Welcome to Bayesian Classification!

This course is the sequel to Bayesian Linear Regression, and it's a part of my series on Bayesian Machine Learning. While the previous course looked at regression (predicting a numerical output), this course looks at classification (predicting a categorical output).

This course takes the Bayes classifier (which, despite its name, is not Bayesian), and makes it Bayesian by placing priors on its parameters. In this course we will study the Bayesian Bayes classifier through the lens of Naive Bayes, so it would be a good idea to have a good handle on Naive Bayes before starting this course.

How does this course compare to Bayesian Linear Regression? Bayesian Linear Regression introduced a lot of the necessary math needed for Bayesian Machine Learning, and it built upon the A/B Testing course (mainly the concept of conjugate priors and how to compute the posterior distribution). In this course, we will go faster through the math we've already seen, so that we can focus on the new and interesting parts. Unlike the Bayesian Linear Regression course, the real learning opportunity in this course is in implementing each algorithm you learn about.

Why Bayesian Machine Learning? The main advantage of using Bayesian Machine Learning is that it doesn't require you to find a best guess for the optimal model parameters (a point estimate). Instead, Bayesian ML allows us to integrate over*all possible* values of the parameters (of which there are usually an infinite number).

Suggested Prerequisites:

This course is the sequel to Bayesian Linear Regression, and it's a part of my series on Bayesian Machine Learning. While the previous course looked at regression (predicting a numerical output), this course looks at classification (predicting a categorical output).

This course takes the Bayes classifier (which, despite its name, is not Bayesian), and makes it Bayesian by placing priors on its parameters. In this course we will study the Bayesian Bayes classifier through the lens of Naive Bayes, so it would be a good idea to have a good handle on Naive Bayes before starting this course.

How does this course compare to Bayesian Linear Regression? Bayesian Linear Regression introduced a lot of the necessary math needed for Bayesian Machine Learning, and it built upon the A/B Testing course (mainly the concept of conjugate priors and how to compute the posterior distribution). In this course, we will go faster through the math we've already seen, so that we can focus on the new and interesting parts. Unlike the Bayesian Linear Regression course, the real learning opportunity in this course is in implementing each algorithm you learn about.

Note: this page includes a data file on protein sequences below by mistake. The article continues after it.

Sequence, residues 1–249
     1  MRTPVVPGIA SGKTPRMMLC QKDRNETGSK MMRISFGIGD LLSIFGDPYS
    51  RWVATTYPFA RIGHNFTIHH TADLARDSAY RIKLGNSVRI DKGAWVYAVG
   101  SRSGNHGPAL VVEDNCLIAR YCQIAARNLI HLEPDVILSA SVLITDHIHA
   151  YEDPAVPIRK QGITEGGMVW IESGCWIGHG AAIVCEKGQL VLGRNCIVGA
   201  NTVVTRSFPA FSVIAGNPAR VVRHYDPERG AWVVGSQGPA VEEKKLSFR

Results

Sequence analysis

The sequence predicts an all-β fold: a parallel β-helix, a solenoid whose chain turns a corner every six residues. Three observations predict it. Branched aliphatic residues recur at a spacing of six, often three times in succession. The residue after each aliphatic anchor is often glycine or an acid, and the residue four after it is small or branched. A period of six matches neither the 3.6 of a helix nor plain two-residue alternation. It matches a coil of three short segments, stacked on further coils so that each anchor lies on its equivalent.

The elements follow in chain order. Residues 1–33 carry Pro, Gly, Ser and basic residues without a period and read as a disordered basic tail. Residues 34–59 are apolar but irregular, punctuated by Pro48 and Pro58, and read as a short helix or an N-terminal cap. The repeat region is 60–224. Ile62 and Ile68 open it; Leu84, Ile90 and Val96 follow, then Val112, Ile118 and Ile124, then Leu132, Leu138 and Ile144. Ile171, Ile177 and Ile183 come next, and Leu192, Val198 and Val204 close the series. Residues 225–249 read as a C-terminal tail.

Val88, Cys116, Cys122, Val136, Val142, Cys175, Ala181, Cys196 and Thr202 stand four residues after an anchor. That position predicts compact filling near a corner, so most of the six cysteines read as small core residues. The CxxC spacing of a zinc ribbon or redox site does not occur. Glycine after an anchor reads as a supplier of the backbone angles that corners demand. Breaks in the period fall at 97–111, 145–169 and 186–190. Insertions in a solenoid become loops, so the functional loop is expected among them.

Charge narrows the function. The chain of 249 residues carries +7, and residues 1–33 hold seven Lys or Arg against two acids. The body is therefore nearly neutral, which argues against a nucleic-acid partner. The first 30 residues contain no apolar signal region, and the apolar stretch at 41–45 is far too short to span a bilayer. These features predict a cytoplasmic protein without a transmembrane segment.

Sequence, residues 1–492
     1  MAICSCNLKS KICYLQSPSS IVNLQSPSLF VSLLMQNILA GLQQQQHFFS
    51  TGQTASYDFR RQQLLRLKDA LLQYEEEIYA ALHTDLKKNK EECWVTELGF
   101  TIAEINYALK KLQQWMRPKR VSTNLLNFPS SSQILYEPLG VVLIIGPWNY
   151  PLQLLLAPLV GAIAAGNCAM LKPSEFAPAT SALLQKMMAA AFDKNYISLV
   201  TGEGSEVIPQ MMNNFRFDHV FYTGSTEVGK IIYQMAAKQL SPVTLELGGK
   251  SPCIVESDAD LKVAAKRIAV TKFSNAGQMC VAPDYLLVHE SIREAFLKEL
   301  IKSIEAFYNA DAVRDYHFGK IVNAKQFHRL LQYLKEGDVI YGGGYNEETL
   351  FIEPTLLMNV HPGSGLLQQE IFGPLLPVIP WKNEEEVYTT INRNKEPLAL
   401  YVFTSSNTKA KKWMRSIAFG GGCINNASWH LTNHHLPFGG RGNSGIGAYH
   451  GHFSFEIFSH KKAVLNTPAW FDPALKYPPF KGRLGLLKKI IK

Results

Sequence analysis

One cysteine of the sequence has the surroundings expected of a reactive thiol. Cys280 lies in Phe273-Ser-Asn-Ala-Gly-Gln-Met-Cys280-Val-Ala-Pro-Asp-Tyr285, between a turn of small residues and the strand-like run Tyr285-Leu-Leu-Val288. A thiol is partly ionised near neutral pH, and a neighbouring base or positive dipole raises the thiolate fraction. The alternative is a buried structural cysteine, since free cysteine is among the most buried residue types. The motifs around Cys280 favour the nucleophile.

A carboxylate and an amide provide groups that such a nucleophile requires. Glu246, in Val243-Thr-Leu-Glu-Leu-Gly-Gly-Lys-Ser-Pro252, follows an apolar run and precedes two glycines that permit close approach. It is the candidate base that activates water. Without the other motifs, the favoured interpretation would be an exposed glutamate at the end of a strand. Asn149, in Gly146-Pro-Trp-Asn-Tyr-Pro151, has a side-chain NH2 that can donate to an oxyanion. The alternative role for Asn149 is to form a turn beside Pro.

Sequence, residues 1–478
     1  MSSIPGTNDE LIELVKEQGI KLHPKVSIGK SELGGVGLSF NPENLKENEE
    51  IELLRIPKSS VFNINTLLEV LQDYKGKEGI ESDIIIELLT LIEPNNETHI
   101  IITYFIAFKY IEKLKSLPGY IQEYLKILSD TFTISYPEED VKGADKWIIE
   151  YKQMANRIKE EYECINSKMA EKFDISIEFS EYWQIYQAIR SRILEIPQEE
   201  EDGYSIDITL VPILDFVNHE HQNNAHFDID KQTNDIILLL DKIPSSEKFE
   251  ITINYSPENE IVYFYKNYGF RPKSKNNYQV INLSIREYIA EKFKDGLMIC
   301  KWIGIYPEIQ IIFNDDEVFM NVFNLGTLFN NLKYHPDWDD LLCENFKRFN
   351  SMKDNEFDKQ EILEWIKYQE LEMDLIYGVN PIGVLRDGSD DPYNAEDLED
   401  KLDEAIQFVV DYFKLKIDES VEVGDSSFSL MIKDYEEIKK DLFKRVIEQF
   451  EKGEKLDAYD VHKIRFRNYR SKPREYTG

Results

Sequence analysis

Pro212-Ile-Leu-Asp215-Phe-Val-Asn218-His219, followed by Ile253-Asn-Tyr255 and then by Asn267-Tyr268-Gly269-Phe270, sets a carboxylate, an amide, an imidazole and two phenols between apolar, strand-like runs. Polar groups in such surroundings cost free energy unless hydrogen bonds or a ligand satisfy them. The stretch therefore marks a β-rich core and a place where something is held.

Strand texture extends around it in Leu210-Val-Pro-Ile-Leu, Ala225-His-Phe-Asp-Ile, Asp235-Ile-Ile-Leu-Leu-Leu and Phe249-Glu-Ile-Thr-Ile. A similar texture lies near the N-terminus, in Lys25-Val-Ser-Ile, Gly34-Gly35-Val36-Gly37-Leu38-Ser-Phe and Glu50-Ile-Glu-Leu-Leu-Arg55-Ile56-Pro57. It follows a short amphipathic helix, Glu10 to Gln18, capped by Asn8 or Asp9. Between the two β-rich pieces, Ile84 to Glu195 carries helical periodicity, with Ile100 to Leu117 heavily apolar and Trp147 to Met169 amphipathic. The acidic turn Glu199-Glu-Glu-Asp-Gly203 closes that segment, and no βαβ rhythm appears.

Why Bayesian Machine Learning? The main advantage of using Bayesian Machine Learning is that it doesn't require you to find a best guess for the optimal model parameters (a point estimate). Instead, Bayesian ML allows us to integrate over

Suggested Prerequisites:

- Python coding: if/else, loops, lists, dicts, sets
- Numpy and Pandas coding: matrix and vector operations, loading a CSV file
- Basic math: calculus, linear algebra, probability
- Naive Bayes classifiers
- Bayesian Machine Learning: A/B Testing in Python (know about conjugate priors)
- Bayesian Linear Regression: know about the posterior predictive distribution

You probably already know this, but some of us really and truly appreciate you. BTW, I spent a reasonable amount of time making a learning roadmap based on your courses and have started the journey.

Looking forward to your new stuff.

I am signing up so that I have the easy refresh when needed and the see what you consider important, as well as to support your great work, thank you.

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I wish you a happy and safe holiday season. I am glad you chose to share your knowledge with the rest of us.

And, I couldn't agree more with some of your "rants", and found myself nodding vigorously!

You are an excellent teacher, and a rare breed.

And, your courses are frankly, more digestible and teach a student far more than some of the top-tier courses from ivy leagues I have taken in the past.

(I plan to go through many more courses, one by one!)

I know you must be deluged with complaints in spite of the best content around That's just human nature.

Also, satisfied people rarely take the time to write, so I thought I will write in for a change. :)

In the process of completing my Master’s at Hunan University, China, I am writing this feedback to you in order to express my deep gratitude for all the knowledge and skills I have obtained studying your courses and following your recommendations.

The first course of yours I took was on Convolutional Neural Networks (“Deep Learning p.5”, as far as I remember). Answering one of my questions on the Q&A board, you suggested I should start from the beginning – the Linear and Logistic Regression courses. Despite that I assumed I had already known many basic things at that time, I overcame my “pride” and decided to start my journey in Deep Learning from scratch. ...

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- Introduction and Outline (02:45) (FREE preview available)
- Where to get the code (01:42)

- Bayes Classifier Review (06:09)
- Making the Bayes Classifier More Bayesian (09:47)
- Fit (20:45)
- Predict (19:16)
- Limitations, Extensions, Naive Assumption (04:50)
- Softmax (09:37)
- Theory Summary (10:21)
- Suggestion Box (03:10)

- Gaussian - Fitting (18:15)
- Gaussian - Predicting (19:53)
- Gaussian Code (26:26)
- Unknown Mean and Variance (Optional) (19:40)

- Poisson Likelihood (11:03)
- Poisson Code pt 1 (20:15)
- Poisson Code pt 2 (09:21)
- Poisson Code pt 3 (04:50)

- PDF Notes